Martha Marcy May Marlene
Directed by: Sean Durkin
Starring: Elizabeth Olsen, John Hawkes

4 out of 5 stars

Myles Herod
Entertainment Editor

This may be a purely personal bias, but I adore independent cinema. It’s often true that smaller pictures benefit from budgetary constraints, which allow for greater acting, confident writing and smart direction.

Evidently, Martha Marcy May Marlene is such an achievement – clever, creepy and extremely striking in its reflection of the duplicitous ways cults instill their beliefs.

Let it be known that this is a truly uncomfortable, fear-soaked experience. A chilling examination of the human psyche, viewed through the susceptible eyes of a damaged woman who has forgotten how to be human.

The picture opens with Elizabeth Olsen as Martha, an attractive, quiet, troubled 20-something, who — in a moment of quiet observation and rebellious strength — flees the confines of a fundamentalist cult.

Alone, and without resources, she reunites with her estranged sister Lucy (wonderfully played by Sarah Paulson) and brother-in-law Ted (Hugh Dancy), who take her in to their remote summer cottage.

However, the idyllic scenery and support do little to calm Martha’s confused state, and soon she is sent spiraling between tormented memories of her former master Patrick (John Hawkes) and the upscale lifestyle of her new abode.

Viewing the film, it’s impossible not to be shaken by the sense of dread hanging over every scene. Truly, this is a stellar piece of American gothic, calling the arrival of two major talents. Writer/director Sean Durkin — making his feature film debut — is not interested in pointing the finger at any specific ideology, though.

Instead, he stops to examine what might drive such organizations, what might cause one to become a member and, more importantly, the psychological repercussions it causes.

He and cinematographer Jody Lee Lipes have captured arresting visuals of mute beauty, where trees rustle with foreboding sway and murky waters blur the depths of perception.

As commendable as the direction is, though, all might have been lost if Durkin hadn’t found strength in a lead actress.

Newcomer Elizabeth Olsen (younger sister of Mary Kate and Ashley) brings a raw, wounded charisma to the role that’s difficult to watch at the best of times.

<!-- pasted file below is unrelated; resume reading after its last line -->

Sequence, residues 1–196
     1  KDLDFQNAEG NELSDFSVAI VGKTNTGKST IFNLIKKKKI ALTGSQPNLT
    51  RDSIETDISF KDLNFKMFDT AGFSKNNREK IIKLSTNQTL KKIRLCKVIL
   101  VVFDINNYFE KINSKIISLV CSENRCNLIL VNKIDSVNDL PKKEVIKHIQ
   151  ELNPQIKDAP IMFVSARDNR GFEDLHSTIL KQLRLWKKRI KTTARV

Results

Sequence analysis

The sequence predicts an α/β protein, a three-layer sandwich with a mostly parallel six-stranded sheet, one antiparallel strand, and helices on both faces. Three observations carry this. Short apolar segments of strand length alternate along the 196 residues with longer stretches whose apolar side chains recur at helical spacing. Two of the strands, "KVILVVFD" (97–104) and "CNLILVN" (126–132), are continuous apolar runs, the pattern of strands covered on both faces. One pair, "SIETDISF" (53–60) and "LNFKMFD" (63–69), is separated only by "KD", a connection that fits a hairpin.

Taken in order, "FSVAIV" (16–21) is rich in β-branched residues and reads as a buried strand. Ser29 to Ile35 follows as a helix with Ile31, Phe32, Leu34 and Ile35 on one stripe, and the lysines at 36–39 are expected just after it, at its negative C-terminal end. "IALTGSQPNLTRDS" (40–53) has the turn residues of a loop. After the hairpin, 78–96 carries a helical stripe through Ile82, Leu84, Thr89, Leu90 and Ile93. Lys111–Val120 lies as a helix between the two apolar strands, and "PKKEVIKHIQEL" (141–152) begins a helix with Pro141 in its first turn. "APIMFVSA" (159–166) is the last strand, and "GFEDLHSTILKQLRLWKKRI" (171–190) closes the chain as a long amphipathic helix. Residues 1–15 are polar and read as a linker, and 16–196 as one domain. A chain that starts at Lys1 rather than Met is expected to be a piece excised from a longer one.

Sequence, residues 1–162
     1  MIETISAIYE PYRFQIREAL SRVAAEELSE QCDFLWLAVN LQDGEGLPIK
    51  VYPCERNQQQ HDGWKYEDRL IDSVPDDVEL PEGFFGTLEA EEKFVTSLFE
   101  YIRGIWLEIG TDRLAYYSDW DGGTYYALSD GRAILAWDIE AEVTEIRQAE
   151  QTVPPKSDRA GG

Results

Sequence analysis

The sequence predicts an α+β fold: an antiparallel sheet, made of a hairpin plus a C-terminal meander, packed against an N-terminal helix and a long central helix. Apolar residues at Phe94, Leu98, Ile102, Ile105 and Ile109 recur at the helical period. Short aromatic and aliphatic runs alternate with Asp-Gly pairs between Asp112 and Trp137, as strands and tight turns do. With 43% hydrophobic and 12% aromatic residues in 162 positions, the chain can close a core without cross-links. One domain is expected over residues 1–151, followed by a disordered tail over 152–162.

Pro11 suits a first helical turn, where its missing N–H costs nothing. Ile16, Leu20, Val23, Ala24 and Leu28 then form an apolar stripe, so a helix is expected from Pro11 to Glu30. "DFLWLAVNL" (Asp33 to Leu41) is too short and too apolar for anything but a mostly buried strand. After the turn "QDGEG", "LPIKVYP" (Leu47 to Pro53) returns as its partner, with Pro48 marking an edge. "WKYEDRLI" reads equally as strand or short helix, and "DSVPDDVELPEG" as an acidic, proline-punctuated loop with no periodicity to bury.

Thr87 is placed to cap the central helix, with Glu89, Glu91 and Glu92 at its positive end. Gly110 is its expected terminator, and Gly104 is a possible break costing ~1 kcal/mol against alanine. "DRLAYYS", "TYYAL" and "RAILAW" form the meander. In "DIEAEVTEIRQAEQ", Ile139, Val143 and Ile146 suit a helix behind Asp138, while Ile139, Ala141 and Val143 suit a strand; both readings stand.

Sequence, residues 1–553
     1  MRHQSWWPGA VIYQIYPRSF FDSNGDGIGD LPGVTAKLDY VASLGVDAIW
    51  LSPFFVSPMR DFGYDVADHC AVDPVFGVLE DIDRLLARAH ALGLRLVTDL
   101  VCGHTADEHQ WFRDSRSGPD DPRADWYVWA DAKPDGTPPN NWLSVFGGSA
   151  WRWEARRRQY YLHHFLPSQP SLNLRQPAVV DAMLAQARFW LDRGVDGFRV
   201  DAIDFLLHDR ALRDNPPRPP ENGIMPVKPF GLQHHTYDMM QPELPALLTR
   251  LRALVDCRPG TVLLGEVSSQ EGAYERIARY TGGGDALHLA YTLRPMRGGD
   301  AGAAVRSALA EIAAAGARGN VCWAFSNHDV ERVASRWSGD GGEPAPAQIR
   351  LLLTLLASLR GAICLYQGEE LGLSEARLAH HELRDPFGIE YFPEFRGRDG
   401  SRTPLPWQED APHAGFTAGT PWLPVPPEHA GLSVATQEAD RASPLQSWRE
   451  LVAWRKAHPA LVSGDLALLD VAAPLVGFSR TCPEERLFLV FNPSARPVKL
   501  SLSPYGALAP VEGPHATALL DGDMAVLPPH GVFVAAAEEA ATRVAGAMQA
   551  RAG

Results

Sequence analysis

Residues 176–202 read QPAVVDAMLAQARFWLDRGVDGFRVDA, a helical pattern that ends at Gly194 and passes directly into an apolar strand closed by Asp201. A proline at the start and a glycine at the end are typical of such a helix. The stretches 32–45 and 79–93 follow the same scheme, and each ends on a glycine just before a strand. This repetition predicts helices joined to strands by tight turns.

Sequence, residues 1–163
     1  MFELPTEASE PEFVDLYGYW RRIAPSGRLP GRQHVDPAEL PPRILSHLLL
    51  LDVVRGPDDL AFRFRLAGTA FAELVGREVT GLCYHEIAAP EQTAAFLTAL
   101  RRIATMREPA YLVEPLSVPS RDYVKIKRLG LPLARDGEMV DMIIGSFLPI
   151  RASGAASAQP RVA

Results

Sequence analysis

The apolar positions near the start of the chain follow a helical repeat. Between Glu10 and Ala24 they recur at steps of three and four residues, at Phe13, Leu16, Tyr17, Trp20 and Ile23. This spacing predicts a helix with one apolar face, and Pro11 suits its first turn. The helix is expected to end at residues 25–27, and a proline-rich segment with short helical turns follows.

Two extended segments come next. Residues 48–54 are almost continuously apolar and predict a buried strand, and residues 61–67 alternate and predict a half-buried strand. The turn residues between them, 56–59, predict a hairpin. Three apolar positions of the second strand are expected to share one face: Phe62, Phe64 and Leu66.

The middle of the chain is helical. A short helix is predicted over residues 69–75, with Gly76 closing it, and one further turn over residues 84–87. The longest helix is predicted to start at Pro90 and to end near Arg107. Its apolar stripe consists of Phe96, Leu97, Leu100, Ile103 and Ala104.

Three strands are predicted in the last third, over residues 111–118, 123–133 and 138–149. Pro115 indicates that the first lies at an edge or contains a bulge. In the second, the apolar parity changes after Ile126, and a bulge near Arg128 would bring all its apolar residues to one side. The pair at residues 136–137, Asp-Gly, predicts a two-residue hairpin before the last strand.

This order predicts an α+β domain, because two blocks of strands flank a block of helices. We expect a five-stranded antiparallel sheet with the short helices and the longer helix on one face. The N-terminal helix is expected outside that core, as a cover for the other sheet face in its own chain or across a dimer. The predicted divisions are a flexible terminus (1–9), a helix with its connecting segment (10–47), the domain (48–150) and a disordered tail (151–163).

Gradually, flashbacks paint a picture of Martha’s enigmatic history. We see her live in what appears to be communal serenity under the watchful eye of Patrick, their hatchet-faced leader, who, in a casual, patriarchal welcome, renames Olsen’s character Marcy May.

Soon, however, charm leads to woodsy manipulation as Patrick teaches his adoptive tribe to channel old hurts into handgun skills, oversees their orgies and enlists them for petty theft.

Fashionably stark, one scene of house burglary, turned murder, immediately draws Manson Family comparisons with disturbing assurance – eventually moving Martha to reconsider her life.

Because Durkin is restrained in his depiction of both of Martha’s families, he can create a powerful juxtaposition as her experiences emerge, one from the other, fragmented yet telling.

At the lake, sisterly relations don’t fare much better. Absent of understanding, Lucy discovers that Martha has retreated within herself to a point of depression and hysterics.

Afflicted by alienation, and too numb to connect, Martha regrettably relapses with a phone call to her former clan, fearfully leaving the film open to whether or not they will come for her.

Strategically, the movie leaves conventional plot structure behind, trekking off into the backwoods, the mind and the paranoia of a bewildered girl. Then comes the ending. Watching the screen, I felt confident that I knew where it would go. I was wrong.

Funny, the more I think about the way Martha Marcy May Marlene ends, the more I realize that any other would have felt forced. Here Durkin devises a film interwoven from the past and present, and leads us into the darkness with one gripping shot.


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